Antibiotics are powerful medications that work against bacterial infections. It is important for the public to understand their significance, proper usage, and risks/side effects associated with them.
Firstly, antibiotics work against bacterial infections only. This means they are not effective against viral infections such as the cold or flu. Using them for viruses is not only ineffective, but also contributes to the growing problem of antibiotic resistance. They can make people feel better quickly; however, it is also important to finish the entire course of the prescription in order to avoid resistant bacteria. Resistant bacteria are a global threat, as they can make infections more challenging to treat. It is the job of providers to responsibly prescribe and educate about antibiotics.
Here are some tips to remember about taking antibiotics.
- Finish the entire course of your prescription
- Follow provider instructions on how to take antibiotic
- Do not save antibiotics for future use
- Do not take antibiotics prescribed for someone else
Antibiotics come in oral, topical, and IV forms. Oral are taken by mouth and include pills or a liquid. Topical are applied to the skin such as a cream or ointment. IV is provided through a muscle injection or through a vein.
While antibiotics can make people feel better and save lives, they can have side effects as well. It is important to call your provider if experiencing any moderate side effects, and to call 911 if experiencing a severe allergic reaction.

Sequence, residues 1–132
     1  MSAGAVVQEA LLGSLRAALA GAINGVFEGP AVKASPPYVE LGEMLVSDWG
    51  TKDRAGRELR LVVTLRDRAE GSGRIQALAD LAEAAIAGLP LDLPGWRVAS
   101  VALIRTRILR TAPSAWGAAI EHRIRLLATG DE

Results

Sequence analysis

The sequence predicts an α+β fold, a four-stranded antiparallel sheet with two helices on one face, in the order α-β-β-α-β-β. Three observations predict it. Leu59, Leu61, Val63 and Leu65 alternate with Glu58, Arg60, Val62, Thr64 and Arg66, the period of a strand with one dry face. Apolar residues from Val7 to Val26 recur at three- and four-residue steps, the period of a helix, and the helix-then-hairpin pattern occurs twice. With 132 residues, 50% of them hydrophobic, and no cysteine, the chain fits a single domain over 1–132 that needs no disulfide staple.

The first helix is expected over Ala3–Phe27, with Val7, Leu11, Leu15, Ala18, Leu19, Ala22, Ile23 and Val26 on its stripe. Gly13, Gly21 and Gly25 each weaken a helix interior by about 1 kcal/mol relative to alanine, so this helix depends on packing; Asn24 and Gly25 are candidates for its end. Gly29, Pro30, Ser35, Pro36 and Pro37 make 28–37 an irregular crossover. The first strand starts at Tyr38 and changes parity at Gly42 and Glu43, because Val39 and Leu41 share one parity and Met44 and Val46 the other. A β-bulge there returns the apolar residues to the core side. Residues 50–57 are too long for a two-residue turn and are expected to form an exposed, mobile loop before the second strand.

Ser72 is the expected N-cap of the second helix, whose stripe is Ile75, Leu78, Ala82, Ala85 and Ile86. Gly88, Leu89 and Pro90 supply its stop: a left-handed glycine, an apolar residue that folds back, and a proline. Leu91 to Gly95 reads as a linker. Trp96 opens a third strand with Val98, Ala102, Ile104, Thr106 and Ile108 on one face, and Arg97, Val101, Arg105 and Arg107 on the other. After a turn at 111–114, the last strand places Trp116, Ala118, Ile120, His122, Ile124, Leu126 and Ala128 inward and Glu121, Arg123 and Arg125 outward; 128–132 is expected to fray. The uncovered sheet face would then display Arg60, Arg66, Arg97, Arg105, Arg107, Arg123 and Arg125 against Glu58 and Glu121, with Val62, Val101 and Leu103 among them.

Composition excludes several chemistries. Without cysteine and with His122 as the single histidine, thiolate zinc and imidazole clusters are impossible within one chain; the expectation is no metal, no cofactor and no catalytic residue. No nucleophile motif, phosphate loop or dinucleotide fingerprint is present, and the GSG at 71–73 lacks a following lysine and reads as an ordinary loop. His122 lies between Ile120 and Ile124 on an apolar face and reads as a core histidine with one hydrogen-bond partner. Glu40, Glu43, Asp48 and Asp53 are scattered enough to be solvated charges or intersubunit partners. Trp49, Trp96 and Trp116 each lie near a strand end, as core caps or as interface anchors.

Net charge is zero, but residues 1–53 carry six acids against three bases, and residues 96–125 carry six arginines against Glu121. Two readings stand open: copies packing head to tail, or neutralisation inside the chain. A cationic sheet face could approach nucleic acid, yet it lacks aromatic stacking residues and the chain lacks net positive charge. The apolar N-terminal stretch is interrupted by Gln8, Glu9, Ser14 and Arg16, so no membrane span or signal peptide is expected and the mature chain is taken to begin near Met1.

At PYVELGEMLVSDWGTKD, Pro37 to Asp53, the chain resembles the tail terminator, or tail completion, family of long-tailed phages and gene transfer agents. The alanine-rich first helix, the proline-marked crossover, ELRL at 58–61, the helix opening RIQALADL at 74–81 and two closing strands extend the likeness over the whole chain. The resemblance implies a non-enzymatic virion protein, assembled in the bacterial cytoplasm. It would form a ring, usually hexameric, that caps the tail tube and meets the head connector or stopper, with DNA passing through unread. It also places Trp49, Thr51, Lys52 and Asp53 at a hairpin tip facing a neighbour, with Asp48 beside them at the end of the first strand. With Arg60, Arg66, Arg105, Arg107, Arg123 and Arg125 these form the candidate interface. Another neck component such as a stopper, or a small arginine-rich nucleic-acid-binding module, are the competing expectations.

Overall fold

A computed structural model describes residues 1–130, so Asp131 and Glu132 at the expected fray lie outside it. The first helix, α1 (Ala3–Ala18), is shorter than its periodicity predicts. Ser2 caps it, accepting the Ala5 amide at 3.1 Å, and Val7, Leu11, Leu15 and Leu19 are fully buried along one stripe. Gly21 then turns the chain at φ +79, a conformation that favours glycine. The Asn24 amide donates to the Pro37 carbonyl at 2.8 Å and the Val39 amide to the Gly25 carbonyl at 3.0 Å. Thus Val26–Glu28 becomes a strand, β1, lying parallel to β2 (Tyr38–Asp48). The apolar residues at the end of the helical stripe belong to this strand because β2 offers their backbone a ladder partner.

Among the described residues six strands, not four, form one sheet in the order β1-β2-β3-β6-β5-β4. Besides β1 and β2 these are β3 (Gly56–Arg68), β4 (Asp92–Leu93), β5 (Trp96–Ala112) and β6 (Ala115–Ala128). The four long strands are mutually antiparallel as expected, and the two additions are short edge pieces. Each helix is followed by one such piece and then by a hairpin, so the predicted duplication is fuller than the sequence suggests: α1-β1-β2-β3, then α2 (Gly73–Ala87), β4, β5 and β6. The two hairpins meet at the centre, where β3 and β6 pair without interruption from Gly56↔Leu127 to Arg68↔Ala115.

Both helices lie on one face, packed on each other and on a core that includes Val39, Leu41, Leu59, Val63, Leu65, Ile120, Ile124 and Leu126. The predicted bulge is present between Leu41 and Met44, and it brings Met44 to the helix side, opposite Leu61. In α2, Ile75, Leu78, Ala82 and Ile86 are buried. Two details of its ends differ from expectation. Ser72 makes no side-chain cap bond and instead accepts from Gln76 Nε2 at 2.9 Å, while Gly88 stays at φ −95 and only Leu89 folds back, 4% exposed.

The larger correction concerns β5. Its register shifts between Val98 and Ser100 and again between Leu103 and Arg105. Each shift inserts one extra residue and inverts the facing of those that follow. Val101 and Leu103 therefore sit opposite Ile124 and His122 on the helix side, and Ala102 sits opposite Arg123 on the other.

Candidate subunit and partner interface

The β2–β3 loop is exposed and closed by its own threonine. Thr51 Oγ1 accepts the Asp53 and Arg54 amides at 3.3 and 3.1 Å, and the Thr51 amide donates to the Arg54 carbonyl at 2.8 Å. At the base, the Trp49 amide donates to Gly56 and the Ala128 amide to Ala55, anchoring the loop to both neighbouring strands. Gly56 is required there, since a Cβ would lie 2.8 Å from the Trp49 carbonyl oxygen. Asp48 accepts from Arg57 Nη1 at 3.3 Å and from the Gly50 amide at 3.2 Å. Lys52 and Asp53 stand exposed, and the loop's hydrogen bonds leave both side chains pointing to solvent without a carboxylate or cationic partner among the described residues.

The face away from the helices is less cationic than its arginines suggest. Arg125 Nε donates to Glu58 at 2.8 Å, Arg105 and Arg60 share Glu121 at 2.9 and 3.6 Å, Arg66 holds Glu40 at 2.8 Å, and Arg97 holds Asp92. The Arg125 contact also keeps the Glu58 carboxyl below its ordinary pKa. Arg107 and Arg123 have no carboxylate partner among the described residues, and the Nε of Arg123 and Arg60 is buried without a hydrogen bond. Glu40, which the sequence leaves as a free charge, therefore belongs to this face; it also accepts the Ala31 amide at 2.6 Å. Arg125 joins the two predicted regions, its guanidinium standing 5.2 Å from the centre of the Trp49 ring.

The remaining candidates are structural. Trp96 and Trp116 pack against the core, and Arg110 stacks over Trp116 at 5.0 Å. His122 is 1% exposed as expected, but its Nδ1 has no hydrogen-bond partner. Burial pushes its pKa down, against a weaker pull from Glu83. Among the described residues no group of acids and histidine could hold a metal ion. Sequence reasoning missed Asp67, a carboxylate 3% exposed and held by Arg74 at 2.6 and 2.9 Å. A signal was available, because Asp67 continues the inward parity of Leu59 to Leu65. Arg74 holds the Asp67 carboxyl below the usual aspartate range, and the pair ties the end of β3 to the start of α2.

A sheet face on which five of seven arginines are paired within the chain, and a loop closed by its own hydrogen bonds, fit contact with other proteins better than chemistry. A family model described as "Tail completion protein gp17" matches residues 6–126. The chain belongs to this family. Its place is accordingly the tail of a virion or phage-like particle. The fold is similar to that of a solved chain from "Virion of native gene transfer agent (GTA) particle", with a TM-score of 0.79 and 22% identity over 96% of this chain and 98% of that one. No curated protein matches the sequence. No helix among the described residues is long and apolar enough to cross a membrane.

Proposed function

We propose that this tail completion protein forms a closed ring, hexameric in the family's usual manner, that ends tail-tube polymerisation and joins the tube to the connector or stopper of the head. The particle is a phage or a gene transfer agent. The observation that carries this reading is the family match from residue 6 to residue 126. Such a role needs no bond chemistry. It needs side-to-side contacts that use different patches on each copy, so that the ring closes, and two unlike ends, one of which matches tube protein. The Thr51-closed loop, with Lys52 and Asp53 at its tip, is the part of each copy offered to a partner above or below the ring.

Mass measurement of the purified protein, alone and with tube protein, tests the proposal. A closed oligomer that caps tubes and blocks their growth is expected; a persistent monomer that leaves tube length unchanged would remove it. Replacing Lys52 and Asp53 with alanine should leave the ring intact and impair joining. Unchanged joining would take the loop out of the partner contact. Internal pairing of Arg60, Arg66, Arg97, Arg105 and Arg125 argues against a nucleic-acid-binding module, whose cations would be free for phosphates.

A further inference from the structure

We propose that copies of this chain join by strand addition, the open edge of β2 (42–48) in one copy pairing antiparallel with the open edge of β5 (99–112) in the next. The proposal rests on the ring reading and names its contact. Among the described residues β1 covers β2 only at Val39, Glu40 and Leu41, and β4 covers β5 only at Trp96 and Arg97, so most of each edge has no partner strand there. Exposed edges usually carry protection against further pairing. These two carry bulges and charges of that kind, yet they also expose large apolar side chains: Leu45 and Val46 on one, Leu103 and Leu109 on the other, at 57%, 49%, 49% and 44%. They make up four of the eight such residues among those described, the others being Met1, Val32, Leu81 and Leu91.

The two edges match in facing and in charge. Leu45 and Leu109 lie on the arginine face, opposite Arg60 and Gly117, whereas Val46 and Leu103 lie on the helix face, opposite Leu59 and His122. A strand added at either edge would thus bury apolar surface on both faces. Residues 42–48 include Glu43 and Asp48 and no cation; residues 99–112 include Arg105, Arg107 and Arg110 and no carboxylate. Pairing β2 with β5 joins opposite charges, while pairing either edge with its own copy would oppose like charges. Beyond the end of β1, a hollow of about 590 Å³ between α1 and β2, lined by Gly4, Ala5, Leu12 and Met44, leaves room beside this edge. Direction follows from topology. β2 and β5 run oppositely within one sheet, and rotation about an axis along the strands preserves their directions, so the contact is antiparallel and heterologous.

Common and more mild side effects include:
- Yeast infections
More serious side effects are:
- C. diff infection
- Anaphylactic reaction
Other risks include drug interactions. Antibiotics can interact with other medications and cause adverse effects. For example, they can make other drugs act more or less potent than they should be. This is why it is important to tell your provider what medications you are on so they can choose the right antibiotics for you.
- Finish the entire course of your prescription, even if you feel better.
- Follow your provider’s instructions on how to take the antibiotics.
- Do not save antibiotics for future use.
- Do not take antibiotics prescribed for someone else.
- Antibiotics can have side effects, including diarrhea, rash, dizziness, nausea/vomiting, and yeast infections.
- More serious side effects include C. diff infection and anaphylactic reaction.
- Antibiotics can interact with other medications, so tell your provider about all medications you are taking.
This article reviewed by Dr. Jim Liu, MD and Ms. Deb Dooley, APRN.
There’s nothing more important than our good health – that’s our principal capital asset.
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